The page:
log(x), the base-10 logarithm of x, log10
fac(x), the factorial function of x (commonly seen as x!). This program does support non-integral values for x using algorithms good to 5 decimal places.
sqrt(x), the square root of x
Arguments to any of the functions (such as "x") MUST
be enclosed in parentheses, for example, sin(x), not sinx or sin x. Clicking the "Reciprocal" button changes "sin", "cos", etc. to "sec", "csc", etc. The "Reciprocal" button now reads "Regular" and clicking it returns "sin", "cos", etc. (the "regular" trig functions). Clicking the "Hyperbolic" button changes "sin", "cos", etc. to "sinh", "cosh", etc. Clicking the button a second time (it now reads "Trigonometric") returns the usual trig functions. The mode of angular measurement (degrees or radians) may be chosen by clicking on the arrow next to the text box showing either degrees or radians, then clicking on one of the selections. The default mode is radians. In the examples below, type in everything between the quotation marks in an "Enter function:" box:
To find 52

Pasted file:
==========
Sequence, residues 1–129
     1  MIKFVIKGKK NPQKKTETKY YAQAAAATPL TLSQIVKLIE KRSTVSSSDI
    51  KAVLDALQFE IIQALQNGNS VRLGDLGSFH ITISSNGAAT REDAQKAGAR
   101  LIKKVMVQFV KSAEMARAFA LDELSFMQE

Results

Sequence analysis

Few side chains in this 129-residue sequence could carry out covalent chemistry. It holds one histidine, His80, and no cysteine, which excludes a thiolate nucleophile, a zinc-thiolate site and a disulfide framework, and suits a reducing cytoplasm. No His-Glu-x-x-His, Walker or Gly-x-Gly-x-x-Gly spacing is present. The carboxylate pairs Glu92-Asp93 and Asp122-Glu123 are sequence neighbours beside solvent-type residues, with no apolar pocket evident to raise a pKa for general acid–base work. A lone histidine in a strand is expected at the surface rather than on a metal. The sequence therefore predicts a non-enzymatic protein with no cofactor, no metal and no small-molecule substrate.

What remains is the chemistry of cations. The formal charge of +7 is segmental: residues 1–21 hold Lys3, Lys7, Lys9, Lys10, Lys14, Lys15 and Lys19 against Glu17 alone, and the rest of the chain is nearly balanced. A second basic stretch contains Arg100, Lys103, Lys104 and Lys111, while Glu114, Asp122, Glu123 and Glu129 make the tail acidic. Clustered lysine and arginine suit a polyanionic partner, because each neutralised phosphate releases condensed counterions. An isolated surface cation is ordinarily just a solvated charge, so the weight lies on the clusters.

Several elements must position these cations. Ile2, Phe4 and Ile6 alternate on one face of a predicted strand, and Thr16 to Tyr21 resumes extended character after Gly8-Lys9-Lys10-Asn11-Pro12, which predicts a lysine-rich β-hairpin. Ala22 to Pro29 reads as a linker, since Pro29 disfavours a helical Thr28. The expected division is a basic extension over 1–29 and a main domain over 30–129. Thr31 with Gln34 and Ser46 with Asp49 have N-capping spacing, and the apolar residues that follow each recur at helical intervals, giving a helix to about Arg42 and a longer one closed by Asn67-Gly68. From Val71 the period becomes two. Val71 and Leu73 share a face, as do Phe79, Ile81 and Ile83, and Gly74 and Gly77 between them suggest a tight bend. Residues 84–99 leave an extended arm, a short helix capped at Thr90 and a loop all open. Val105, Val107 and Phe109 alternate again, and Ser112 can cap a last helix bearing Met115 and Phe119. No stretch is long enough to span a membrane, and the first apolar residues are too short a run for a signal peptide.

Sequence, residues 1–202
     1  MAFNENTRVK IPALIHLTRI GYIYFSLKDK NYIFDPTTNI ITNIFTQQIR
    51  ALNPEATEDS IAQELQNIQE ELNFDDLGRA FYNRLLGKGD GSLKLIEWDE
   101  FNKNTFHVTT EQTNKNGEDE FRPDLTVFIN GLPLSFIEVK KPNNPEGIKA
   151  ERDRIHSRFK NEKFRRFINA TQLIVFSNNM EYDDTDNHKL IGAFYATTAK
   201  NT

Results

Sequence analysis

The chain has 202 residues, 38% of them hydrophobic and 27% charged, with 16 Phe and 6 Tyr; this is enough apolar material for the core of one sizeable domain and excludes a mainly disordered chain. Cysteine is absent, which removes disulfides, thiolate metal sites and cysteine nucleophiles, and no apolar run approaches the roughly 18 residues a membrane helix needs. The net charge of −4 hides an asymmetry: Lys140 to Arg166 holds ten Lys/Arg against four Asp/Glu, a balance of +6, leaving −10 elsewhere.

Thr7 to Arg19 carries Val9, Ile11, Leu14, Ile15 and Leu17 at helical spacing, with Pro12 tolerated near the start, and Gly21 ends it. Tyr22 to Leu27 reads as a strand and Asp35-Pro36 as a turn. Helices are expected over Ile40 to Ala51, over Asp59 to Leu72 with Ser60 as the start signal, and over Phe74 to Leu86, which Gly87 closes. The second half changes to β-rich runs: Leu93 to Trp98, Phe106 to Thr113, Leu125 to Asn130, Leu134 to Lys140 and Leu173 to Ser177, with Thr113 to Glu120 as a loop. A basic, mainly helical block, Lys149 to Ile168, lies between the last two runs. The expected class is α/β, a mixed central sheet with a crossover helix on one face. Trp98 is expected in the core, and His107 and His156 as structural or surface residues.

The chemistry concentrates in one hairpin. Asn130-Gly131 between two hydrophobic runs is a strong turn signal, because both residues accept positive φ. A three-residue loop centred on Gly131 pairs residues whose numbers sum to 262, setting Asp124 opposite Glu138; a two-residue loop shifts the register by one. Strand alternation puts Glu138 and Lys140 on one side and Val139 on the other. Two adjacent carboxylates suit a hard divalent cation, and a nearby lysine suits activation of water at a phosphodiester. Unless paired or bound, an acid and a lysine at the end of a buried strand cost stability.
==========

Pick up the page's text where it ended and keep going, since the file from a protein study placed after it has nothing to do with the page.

+ 5*2 - 1, enter "5^2 + 5*2 - 1", then either hit "Enter" or click "=" (the answer is 34). For 600(sin 30o
), enter "600*sin(30)", select "degrees" from the menu, then hit "Enter" or click "=" (the answer is 300). If no answer appears, this indicates an error in entering the expression. Click the "Graph" button for a list of possible errors.
The "Log" button:
When the "Enter" key is hit or the "=" button is clicked while doing calculations, the calculation and its result are stored in memory. Clicking the "Log" button displays a list of previous results up to a maximum of 50 calculations.
To graph a function:
This feature will graph functions of the form "y = f(x)" in either Cartesian (rectangular) or polar coordinates, which means the equation must be solved for y in terms of x (implicit functions of the form f(x, y) = 0 are discussed below). Always use "x" as the variable in the expression to be graphed. In polar coordinates the equation must be solved for "r" in terms of "theta" (the angle), then use "x" for the angle. Also, when graphing most expressions in polar coordinates or Cartesian expressions involving trig functions (sin, cos, etc.), the angle mode should be set to "radians".